Videos Contact Us
Search   
Skip Navigation LinksSkip Navigation LinksSkip Navigation LinksSkip Navigation LinksSkip Navigation Links
 

CHRYSLER TECHNICAL INFORMATION

EngineTypes | GeneralTips

Chrysler, one of the most dominant names during the early “Muscle Car” era, has developed five basic series of engines which are popular choices in racing, street performance and towing applications. For our purposes we will refer to the 273-360 Small Block Chrysler engines as the “A” engine and the 383-440 big block standard head engines as the “B” engine. In recent years, the engineers at Chrysler have introduced three versions of the V10 engine platform, as well as a new 5.7L & 6.1L Hemi design. In the following information we have attempted to pass along some common “tips” learned during our many years of engine building, as well as the experiences of many of our customers.We will not attempt to cover all of the little things, only the more unique and aggravating trouble spots. If ever in doubt, there are many excellent reference manuals. Mopar Performance has one of the best. It goes into great detail about Chrysler engines. Finally, there is the ever present CAM HELP® line at 1-800-999-0853. 
Engine Types

Small Block, "A" Uses "20" Prefix
The basic 273-360 engines, produced in the mid 1960’s, have remained relatively unchanged as far as the valve train is concerned. The 1964-1991 engines used shaft type rocker arms, which required some special changes in the camshaft design. This was to allow oil to flow to the top of the engine and into the rocker arm shafts. Most of these early engines featured either grooved or offset holes in the second and fourth cam journals. In some instances a combination of both grooves and holes were employed. You must remember that if your engine has shaft type rocker arms, there must be some groove or oiling hole combination on the cam journals. In 1992 the Magnum version of the “A” engine was changed to a pedestal style individual rocker arm design.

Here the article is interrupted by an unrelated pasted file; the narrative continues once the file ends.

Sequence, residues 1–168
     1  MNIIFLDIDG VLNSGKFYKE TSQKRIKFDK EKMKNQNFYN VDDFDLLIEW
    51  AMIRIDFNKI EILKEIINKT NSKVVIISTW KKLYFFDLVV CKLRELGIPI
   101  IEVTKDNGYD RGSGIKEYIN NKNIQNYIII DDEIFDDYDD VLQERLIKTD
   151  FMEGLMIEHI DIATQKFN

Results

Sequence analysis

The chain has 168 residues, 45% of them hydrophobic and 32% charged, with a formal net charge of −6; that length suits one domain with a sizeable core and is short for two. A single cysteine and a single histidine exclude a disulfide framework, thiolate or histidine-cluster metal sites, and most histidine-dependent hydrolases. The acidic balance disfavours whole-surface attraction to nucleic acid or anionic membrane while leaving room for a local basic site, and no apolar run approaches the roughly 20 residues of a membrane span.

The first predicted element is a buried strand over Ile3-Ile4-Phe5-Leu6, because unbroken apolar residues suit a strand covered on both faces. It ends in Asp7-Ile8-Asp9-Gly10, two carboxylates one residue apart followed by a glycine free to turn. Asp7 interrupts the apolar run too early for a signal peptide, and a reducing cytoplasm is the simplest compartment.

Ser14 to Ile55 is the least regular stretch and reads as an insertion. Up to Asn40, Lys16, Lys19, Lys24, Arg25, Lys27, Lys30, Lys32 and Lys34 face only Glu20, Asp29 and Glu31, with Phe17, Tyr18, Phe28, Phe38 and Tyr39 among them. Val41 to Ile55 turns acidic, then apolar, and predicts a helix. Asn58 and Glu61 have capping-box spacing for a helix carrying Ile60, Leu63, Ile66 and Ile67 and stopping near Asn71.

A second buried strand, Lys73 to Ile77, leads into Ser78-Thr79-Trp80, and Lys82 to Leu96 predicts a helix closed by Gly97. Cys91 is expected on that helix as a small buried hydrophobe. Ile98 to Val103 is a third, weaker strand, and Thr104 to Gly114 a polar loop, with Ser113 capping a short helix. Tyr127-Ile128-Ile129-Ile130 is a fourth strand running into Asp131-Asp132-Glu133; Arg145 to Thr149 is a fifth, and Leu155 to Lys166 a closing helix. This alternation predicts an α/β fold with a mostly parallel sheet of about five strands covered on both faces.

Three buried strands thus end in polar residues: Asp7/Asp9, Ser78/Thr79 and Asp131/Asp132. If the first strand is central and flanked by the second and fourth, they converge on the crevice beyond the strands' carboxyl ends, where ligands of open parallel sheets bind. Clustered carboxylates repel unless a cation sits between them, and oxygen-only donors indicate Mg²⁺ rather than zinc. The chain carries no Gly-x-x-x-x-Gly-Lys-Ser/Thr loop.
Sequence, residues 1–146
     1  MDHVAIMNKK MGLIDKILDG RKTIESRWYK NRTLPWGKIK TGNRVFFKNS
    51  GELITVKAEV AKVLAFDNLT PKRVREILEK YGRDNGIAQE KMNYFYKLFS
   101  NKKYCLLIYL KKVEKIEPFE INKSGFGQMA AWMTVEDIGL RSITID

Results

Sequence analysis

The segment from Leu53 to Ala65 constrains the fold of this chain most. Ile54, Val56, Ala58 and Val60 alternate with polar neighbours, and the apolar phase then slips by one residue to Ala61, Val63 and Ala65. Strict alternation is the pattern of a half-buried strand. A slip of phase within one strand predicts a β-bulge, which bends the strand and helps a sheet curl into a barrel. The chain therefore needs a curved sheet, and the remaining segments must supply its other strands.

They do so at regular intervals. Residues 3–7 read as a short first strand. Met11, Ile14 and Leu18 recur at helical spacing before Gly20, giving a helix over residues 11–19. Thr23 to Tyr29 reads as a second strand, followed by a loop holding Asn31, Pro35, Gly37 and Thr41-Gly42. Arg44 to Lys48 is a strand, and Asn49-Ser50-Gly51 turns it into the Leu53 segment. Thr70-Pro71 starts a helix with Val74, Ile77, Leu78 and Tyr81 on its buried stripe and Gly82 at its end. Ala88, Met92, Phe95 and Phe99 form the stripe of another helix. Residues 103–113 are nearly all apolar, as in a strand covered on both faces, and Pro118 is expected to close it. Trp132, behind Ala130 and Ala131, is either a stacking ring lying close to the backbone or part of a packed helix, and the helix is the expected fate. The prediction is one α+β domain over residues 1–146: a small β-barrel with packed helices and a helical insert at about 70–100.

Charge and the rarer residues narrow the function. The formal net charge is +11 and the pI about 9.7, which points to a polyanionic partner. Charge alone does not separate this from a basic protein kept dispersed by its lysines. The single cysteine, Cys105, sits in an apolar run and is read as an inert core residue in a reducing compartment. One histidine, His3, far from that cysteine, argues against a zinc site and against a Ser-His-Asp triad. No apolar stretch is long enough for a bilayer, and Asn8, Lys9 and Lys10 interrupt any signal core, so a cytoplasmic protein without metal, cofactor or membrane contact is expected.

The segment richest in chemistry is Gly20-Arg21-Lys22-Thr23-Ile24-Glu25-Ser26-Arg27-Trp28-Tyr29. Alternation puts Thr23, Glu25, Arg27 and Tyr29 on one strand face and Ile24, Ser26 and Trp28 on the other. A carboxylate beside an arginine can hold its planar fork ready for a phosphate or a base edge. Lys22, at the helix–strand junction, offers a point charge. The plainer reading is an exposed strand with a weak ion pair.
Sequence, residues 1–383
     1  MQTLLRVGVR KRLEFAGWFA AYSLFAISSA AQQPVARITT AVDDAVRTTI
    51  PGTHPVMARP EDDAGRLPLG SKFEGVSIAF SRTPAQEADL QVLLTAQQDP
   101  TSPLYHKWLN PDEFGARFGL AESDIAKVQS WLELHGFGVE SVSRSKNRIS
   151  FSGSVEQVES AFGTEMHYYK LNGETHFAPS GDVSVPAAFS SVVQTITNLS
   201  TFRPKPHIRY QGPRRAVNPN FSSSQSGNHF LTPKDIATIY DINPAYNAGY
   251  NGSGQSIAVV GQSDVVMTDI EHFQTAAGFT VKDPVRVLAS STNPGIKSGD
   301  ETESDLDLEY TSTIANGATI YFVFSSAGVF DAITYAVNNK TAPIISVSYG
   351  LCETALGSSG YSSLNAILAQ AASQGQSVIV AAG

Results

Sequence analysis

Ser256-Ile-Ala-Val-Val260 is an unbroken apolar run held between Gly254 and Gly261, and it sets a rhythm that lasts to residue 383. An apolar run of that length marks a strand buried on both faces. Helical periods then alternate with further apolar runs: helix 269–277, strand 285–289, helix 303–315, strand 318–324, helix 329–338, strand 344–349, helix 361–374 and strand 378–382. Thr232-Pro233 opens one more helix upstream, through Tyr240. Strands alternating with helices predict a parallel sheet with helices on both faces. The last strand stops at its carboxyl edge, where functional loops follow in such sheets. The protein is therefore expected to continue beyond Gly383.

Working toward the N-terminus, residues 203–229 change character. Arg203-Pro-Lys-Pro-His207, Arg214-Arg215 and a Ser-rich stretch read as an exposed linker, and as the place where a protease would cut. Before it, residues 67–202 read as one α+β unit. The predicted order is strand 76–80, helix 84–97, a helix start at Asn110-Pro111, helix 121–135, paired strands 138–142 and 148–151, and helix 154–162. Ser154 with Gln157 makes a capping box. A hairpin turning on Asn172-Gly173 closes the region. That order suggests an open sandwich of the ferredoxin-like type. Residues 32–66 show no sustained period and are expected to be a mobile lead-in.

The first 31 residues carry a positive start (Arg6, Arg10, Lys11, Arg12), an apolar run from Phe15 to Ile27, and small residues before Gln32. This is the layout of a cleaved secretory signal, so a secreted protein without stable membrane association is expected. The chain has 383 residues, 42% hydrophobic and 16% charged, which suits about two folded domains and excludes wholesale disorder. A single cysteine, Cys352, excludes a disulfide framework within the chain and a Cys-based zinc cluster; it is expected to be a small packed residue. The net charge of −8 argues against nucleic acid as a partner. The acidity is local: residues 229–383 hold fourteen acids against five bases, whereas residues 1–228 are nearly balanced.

top

Magnum
The new Magnum engines utilize a pedestal mount rocker arm system. They come from the factory with a nonadjustable valve train and have 5/16” bolts fastening the rockers to pedestals on the heads.

top

5.7L & 6.1L Hemi, Uses “112” Prefix
In 2003 Chrysler called on the legendary “Hemi” cylinder head design to begin a new era in Mopar performance. This new engine has the same familiar perpendicular valve arrangement but does not share any parts with the classic Hemi engines. Rocker arms are shaft mounted with 1.6 ratio on intake and exhaust. Two rocker shafts per head are used, which is similar to the earlier Hemi. Because of this design, different length intake and exhaust pushrods are used. The new engine also uses smaller, .842” diameter hydraulic roller lifters and a single bolt cam sprocket.

There are concerns when installing aftermarket camshafts in these engines. The factory piston has a dome and no valve reliefs. Extra caution should be taken to ensure adequate piston to valve clearance. It is also necessary to deactivate the MDS (multiple displacement system) when installing and using a performance camshaft. Computer tuning must be performed to enhance drivability.

top

V10, Uses “97” and “111” Prefixes (Viper)
We have two different cores for this engine, depending on the year model. The 2002 and older blocks use a single bolt core, and the 2003 and later cores are a 3-bolt design. Big Block “B” or “RB”, Uses “21” and “23” Prefixes The “B” and “RB” engines used two different deck height blocks. They require different length pushrods, so when considering pushrod length, remember that the 383-400 engines use a shorter pushrod than the 413-440 engines. The larger engines with the taller blocks use a pushrod that is approximately 3/4” longer than the other.

When converting either of these engines to adjustable rocker arms, you must also replace the pushrods. The standard pushrod used with nonadjustable rocker arms uses a pushrod with a ball on each end. COMP Cams® aluminum roller rocker arms use a pushrod with a ball on the lifter end and a cup on the rocker arm end. The new COMP Cams® Pro Magnum Rocker Arm™ Kit for these engines uses a ball-ball pushrod like the standard setup, but the length is different. In either case, the correct pushrods must be used for the rocker arm type selected.

top

Hemi, Uses “24” and “26” Prefixes
There are two basic factory versions of the original Hemi engine. The most common is the 426 Hemi, which was introduced in 1964. It uses the “24” prefix. Derivatives of this engine can be found in almost all Alcohol and Fuel cars racing today. One of the most popular drag racing engines, it is easily recognized by the distributor location, which is in the front of the block. As far as production engines are concerned, most of the parts are interchangeable. Hybrid Hemis; however, have relatively few interchangeable parts because most are custom made.

The old style 301-392 Hemi engine, which uses the “26” prefix, is most readily recognized by the location of the distributor at the rear of the block. There were several versions of this engine; therefore, it is highly recommended that before ordering any parts you make sure exactly which engine you are working on. These engines were very popular in the 60’s and 70’s and can still be found in many street machines and street rods, but they are becoming very hard to maintain due to the lack of replacement parts.